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Missing imprint leads to conviction for Labour campaigner in Ilford

The law on imprints may be in need of updating, but it’s still the law, which is why a cautious approach to following it is wise. Especially as convictions for leaving off imprints really do happen:

A man has pleaded guilty to breaking electoral law by not providing the required details on the election campaign material of a Labour candidate during the 2017 United Kingdom Parliamentary General Election.

Matthew Goddin … appeared at Barkingside Magistrates’ Court on Thursday, 21 June, where he admitted the offence, which is contrary to Section 110 of the Representation of the People Act 1983.

The allegation relates to a four-page ‘wraparound’ advertisement featured in the Ilford Recorder newspaper on 1 June 2017.

The advertisement was placed on behalf of Mike Gapes, the Labour candidate, now re-elected as MP for Ilford South. The advert failed to contain an imprint, in breach of the legislation regarding election campaign material…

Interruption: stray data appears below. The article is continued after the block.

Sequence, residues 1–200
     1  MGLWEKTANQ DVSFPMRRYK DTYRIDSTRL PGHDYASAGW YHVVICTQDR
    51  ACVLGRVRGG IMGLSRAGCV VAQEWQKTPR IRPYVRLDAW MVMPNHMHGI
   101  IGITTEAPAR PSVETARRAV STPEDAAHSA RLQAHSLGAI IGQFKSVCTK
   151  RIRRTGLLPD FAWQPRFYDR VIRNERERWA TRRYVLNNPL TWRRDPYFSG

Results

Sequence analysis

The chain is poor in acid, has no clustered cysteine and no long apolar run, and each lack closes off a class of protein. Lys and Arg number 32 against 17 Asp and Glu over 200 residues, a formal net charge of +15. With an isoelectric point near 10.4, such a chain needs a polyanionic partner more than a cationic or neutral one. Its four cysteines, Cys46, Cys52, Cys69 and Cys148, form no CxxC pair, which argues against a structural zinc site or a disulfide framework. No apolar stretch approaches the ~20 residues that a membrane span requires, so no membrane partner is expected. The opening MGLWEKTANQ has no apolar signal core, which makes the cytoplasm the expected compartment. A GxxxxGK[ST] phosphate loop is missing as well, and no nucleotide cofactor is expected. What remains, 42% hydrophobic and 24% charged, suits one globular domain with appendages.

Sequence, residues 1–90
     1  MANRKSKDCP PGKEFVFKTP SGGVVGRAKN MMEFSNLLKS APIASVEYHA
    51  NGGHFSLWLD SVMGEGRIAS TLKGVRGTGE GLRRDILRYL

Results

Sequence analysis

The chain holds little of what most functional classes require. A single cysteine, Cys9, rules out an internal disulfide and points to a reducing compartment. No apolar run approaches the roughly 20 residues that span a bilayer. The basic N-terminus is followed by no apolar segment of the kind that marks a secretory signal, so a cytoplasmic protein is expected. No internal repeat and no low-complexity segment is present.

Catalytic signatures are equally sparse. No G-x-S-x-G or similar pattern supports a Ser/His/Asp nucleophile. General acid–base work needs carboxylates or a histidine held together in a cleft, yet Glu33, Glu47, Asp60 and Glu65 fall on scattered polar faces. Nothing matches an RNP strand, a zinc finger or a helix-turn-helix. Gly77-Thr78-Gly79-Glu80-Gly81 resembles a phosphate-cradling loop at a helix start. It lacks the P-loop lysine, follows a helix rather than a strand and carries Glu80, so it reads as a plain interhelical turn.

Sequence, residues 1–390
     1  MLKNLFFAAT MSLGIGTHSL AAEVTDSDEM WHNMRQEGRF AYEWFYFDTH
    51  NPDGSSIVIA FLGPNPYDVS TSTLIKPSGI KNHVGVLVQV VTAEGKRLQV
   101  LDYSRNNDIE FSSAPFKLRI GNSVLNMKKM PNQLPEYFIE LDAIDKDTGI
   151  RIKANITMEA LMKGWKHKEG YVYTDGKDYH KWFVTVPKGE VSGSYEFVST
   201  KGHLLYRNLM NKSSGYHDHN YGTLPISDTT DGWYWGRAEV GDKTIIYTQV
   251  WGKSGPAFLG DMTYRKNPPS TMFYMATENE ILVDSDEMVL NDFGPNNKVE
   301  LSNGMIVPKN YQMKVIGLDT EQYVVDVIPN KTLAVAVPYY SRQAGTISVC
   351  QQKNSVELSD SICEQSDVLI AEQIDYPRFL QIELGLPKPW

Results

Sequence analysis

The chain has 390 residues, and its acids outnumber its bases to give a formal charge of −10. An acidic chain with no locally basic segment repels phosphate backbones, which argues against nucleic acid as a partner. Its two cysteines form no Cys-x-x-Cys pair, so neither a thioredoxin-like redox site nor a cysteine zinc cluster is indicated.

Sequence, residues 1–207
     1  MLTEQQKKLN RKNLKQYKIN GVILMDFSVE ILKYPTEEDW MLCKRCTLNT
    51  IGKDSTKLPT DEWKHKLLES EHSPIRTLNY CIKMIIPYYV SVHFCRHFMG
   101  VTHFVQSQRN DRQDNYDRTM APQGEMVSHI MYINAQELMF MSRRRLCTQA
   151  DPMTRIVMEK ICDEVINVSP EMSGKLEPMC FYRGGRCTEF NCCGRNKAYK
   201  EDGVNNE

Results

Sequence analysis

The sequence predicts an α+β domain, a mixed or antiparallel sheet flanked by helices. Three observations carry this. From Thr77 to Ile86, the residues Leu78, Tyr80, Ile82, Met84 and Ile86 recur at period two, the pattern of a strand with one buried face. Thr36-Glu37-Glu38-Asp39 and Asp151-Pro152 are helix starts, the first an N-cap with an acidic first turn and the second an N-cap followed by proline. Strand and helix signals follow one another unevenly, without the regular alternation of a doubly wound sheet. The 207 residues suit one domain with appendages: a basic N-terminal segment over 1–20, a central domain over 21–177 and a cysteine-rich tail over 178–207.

Goddin was fined £230 after pleading guilty to the offence. [Met Police news release]

What looks to have triggered the legal action is the similarity between the advert and the rest of the newspaper:

Tom Nicholson, prosecuting, told the court that a Conservative candidate had reported the advert because they were “concerned, on the face of it, it didn’t look like an advert at all”.

Nicholson said: “What that [an imprint] would help to do is demonstrate that this is an advert rather than a piece of newspaper because it presents almost as an editorial part of the newspaper. [Press Gazette]

The Press Gazette also reported that a formal caution was offered, but the offer was not responded to in time and hence the case going to court.

Here’s the advert in question:

Wes Streeteing tweet with Mike Grapes newspaper advert missing imprint

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